Coquille River is in Southwestern Oregon and it empties into the Pacific Ocean. This is a beginning of the salmon fishing season and the Bullard Beach State Park located at the mouth of Coquille River was filled to capacity with fishing enthusiasts. Compared to our previous night's stay at Cape Blanco, this camping site can accommodate up to 200 plus RVs. Trees are still young and sparsely planted allowing lots of sunshine, but less privacy.
Some state parks in Oregon also offer horse parks for people who would like to bring their horses to enhance their camping enjoyment.
Coquille River Light House has been decommissioned since 1939 and historic restoration began in 2007. To reach the lighthouse, we drove through flat, windswept areas. Sonny and her husband are volunteers from Palmdale, CA. As is the case with most of the volunteers J.J. and I meet on the road, Sunny is cheerful, happy and helpful, and she truly enjoys her work.
Approach to the lighthouse
Exterior photos of the lighthouse
Driftwood on the beach by the lighthouse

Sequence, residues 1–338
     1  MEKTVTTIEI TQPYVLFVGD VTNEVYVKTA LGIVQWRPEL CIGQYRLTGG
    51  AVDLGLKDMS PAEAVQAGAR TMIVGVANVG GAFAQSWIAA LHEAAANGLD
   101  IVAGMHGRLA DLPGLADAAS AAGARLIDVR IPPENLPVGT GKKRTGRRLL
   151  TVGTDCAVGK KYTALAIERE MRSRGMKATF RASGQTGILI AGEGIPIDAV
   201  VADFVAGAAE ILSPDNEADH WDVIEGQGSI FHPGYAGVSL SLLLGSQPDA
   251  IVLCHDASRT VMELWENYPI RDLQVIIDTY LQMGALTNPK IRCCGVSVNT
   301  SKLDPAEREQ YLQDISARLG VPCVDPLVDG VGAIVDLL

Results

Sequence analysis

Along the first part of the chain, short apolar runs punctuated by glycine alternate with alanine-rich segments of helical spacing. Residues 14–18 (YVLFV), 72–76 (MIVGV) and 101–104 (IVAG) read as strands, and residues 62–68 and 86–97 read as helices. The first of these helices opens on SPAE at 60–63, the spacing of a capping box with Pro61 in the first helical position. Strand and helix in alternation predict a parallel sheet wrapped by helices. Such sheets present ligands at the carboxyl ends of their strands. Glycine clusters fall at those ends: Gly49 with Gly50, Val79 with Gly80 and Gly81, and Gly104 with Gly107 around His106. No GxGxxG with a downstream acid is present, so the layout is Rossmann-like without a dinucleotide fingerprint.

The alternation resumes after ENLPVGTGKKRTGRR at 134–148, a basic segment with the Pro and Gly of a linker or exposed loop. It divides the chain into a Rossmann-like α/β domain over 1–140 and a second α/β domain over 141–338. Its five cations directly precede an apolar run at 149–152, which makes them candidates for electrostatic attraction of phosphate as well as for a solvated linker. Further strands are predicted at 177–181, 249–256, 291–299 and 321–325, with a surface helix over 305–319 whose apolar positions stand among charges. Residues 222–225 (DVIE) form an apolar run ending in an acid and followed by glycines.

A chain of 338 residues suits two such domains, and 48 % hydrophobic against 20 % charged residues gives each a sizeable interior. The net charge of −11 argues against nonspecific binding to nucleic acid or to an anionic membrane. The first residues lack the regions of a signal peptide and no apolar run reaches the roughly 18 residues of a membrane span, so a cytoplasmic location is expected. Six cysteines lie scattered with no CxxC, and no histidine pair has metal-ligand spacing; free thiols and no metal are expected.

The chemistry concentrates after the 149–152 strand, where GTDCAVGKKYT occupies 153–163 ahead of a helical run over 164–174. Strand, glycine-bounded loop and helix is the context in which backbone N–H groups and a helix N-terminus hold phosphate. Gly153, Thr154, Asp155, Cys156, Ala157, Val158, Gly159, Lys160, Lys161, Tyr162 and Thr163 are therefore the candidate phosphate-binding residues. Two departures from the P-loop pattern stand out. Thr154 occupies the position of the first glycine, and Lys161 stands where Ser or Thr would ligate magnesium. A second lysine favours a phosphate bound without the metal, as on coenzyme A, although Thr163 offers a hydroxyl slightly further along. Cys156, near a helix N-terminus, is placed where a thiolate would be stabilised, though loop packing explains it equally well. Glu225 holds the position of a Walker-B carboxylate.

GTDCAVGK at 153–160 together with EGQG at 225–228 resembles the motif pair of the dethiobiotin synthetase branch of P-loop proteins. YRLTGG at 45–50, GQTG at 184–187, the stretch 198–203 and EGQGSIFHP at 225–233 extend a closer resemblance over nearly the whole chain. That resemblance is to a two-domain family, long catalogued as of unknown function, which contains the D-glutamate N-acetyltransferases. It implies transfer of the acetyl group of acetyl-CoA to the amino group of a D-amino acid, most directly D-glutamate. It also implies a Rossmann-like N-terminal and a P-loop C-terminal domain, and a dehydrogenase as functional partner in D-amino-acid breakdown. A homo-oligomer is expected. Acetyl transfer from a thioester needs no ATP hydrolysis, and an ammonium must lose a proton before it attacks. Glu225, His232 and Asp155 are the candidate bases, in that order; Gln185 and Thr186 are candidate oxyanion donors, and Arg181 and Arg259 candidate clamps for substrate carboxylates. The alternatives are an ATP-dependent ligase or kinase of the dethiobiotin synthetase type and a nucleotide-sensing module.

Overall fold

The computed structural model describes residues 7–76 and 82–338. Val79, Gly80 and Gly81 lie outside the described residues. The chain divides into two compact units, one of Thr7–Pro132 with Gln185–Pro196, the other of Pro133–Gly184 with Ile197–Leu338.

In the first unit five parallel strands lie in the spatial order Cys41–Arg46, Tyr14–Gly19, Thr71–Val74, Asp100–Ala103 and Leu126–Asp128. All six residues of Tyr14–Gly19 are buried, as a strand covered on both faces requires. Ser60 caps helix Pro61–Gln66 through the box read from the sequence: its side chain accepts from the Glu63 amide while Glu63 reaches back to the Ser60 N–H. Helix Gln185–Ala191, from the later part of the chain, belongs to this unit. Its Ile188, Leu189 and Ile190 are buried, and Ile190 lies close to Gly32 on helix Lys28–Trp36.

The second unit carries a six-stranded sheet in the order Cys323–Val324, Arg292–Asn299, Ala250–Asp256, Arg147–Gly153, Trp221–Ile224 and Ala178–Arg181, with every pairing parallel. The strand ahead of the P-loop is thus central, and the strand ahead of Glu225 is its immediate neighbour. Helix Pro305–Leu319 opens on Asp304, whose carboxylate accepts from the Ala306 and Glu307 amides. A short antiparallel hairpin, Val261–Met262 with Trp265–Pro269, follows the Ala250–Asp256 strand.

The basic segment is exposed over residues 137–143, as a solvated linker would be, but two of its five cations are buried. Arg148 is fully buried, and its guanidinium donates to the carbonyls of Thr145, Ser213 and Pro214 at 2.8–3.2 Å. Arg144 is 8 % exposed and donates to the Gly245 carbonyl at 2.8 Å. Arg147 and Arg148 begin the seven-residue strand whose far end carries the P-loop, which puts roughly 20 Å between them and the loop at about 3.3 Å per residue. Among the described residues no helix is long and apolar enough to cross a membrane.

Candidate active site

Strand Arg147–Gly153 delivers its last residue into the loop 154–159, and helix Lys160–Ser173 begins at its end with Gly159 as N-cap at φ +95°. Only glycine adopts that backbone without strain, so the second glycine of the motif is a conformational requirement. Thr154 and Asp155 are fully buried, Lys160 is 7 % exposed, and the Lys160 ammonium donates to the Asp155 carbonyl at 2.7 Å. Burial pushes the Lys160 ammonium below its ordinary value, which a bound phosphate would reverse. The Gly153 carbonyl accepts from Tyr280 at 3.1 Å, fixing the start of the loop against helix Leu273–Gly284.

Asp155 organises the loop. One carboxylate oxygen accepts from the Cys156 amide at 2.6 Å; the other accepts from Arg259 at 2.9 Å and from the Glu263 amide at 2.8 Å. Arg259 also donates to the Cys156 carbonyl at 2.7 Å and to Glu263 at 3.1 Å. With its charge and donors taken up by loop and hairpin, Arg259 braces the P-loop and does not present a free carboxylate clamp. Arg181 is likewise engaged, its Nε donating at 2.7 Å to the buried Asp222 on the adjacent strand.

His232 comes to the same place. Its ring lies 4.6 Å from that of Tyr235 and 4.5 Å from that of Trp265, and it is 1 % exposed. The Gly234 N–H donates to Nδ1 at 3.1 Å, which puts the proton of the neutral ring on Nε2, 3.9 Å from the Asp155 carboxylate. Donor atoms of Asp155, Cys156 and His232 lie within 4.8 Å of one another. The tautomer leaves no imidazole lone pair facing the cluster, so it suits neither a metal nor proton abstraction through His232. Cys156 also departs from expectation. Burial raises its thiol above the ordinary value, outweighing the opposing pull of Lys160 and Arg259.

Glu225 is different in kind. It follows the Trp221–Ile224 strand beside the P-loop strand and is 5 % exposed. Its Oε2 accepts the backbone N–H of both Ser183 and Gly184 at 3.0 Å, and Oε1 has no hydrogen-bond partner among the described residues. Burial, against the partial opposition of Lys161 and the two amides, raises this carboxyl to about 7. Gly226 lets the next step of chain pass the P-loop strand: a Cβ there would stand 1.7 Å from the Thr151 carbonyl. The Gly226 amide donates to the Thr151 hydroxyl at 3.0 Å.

Sonny with J.J.
Bruce and Joanne from Salt Lake City, UT were also visiting the lighthouse. They are traveling in their motor home but prefer to ride bicycles during daytime excursions.
For lunch, we found a very busy restaurant on the wharf of Port Bandon.
A sign on the door stated "We are not a fast food restaurant. Your food will be processed and cooked when you order the food." Our food took 35 minutes from the time we placed orders. They were served hot and delicious. While we were waiting and eating, which probably took about an hour, steady lines of people kept entering the restaurant to place orders.
Surprise treat for dinner. J.J. went out for a walk around the park and came back with a gift of snapper ready to cook from a fellow RVers. Watching and smelling the pines being burned in the nearby campfire pits is one of the gifts and magical times for RVing.
J.J. had his salad with fresh shrimps as his appetizer
Aloha -- Cathi